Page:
Semplica Girls and the Interaction of Mutual Recognition

Semplica Girls and Lilly work toward mutual recognition when she interviews the girls for school. She goes beyond acknowledging the SGs by their Greenway names and worked on learning about their diverse backgrounds. Lilly’s interview took steps to treat them as equals, and SGs told her the stories that demonstrate they are complex people who have experienced life in a variety of ways. One SG, Januka, expressed that her name means “happy ray of sun,” and that her home country was in Laos. Rather than reducing the SGs to products of their less-developed countries, like her parents had, Lilly was able to educate her classmates about the authenticity of the Semplica Girls. In return, Lilly was mutually acknowledged by the school environment that allowed her to present her project. One could assume that the public school system would perpetuate the views of the outside world, and potentially agree with the objectification of SGs since students were educated on the Microlining process. However, in the context of the school project, Lilly was still able to share her views that opposed popular opinion.

Benjamin’s Reflection on Political Polarization

Benjamin’s theory is built on the basis of defining oneself through the opposition of another. Knowing what you are not allows you to understand what you are. This idealogy can explain the extreme polarization of politics in America. While “Democrat” and “Republican” are labels used under the two-party system, they have evolved into divisive terms. Unlike Benjamin’s typical binary, the oppressor and the “Other” are subjective to the individual. By taking Benjamin’s theory into account it is easier to understand how individuals adopt alienating attitudes toward the opposing party. The fact you are a democrat or are a republican as opposed to having democratic views emphasizes how support for a political party is directly tied to an individual’s identity. In defining yourself as a Democrat it becomes obligatory to align with all viewpoints associated with that party. If you are a democrat then by default you are not a Republican, meaning you agree with all and only democratic positions. To overcome this label-riddled political system, constituents should vote for candidates that align with their beliefs first instead of a “brand”.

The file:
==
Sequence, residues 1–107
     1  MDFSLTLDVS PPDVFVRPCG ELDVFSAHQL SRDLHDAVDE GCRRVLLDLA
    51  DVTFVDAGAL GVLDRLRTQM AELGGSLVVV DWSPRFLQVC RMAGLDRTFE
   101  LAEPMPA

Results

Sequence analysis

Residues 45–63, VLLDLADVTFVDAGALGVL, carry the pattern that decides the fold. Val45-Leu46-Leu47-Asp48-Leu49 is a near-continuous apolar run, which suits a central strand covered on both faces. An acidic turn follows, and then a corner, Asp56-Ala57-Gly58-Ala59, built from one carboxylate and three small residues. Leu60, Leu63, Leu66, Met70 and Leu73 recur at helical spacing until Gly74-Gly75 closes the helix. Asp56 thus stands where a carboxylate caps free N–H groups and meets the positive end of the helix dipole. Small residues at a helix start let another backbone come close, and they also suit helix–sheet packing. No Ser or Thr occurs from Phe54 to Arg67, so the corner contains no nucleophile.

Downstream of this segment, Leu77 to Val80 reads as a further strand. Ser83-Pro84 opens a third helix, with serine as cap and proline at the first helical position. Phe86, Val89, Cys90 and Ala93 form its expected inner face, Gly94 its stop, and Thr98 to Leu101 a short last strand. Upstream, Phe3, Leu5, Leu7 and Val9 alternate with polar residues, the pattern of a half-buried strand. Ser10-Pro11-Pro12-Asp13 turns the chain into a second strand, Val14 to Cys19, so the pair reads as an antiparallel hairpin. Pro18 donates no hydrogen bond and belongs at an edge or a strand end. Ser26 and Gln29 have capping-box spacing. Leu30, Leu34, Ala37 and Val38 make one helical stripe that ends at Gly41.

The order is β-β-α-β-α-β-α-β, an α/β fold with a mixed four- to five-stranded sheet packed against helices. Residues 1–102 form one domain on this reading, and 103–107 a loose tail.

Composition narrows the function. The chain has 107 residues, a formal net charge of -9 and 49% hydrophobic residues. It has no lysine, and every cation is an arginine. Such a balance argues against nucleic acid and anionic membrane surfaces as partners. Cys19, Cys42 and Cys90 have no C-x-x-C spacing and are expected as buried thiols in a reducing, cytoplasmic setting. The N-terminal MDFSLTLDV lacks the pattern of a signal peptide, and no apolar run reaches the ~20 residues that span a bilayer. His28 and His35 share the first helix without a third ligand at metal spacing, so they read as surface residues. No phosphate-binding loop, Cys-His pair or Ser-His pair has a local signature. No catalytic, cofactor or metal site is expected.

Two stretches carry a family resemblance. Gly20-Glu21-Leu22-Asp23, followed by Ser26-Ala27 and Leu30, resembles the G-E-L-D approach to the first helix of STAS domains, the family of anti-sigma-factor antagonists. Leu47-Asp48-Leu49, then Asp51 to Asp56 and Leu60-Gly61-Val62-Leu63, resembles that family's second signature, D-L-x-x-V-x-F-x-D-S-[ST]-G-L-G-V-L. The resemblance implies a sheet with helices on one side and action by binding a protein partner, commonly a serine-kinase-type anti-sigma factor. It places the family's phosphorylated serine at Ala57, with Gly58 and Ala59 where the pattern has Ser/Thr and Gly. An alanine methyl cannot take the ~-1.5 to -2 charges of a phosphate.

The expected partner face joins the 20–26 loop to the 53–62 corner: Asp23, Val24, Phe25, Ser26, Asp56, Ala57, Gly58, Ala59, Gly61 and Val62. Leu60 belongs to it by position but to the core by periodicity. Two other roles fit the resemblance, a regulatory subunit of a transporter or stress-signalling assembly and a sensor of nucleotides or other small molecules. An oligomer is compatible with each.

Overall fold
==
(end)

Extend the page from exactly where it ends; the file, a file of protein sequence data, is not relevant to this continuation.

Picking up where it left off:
Jessica Benjamin’s Theory Surrounding Power

Jessica Benjamin’s book, Bonds of Love, introduces her theoretical argument around subjectivity and power combining the ideas of domination and social, gender, and family roles to bring light to the problem of the power structure. She uses the idea of binary thinking as leverage for domination and hierarchical thought processes. Benjamin ties individualism and the idea that you are you because you are not them into what creates a false sense of self hood and the roles or expectations given to certain people.

The main argument, evident throughout the examples she presents, is that there needs to be a mutual recognition of power and a connectedness to find a common ground on theory of identity. She also highlights the importance that the theory doesn’t deny anyone else’s sense of self as a means to achieve personal individuality and self.

Total domination is a result of unhealthy subjectivity, not being able to be humble enough to fathom the idea of being equally powerful. Mutual respect and recognition between others, being able to recognize an equally respectable sense of self, is what generates a healthy identification of individuality and balance of subjectivity.

Benjamin Reflection

Benjamin’s theory illustrates the power dynamic reflected in many binaries that exist in everyday life, like the relationship between boss and employee. She explains that in order for someone to have power over another, someone has to submit. With money as an incentive, employees willingly follow orders from their bosses. The boss has no physical control over the actions of their employees, but because the employees choose to listen the boss can dictate what they do throughout their shift. Understanding this theory makes it possible to recognize the different power structures in life and potentially dismantle harmful ones. The relationship between boss and employee isn’t innately harmful but many power dynamics are and cannot be addressed without knowing how they are maintained.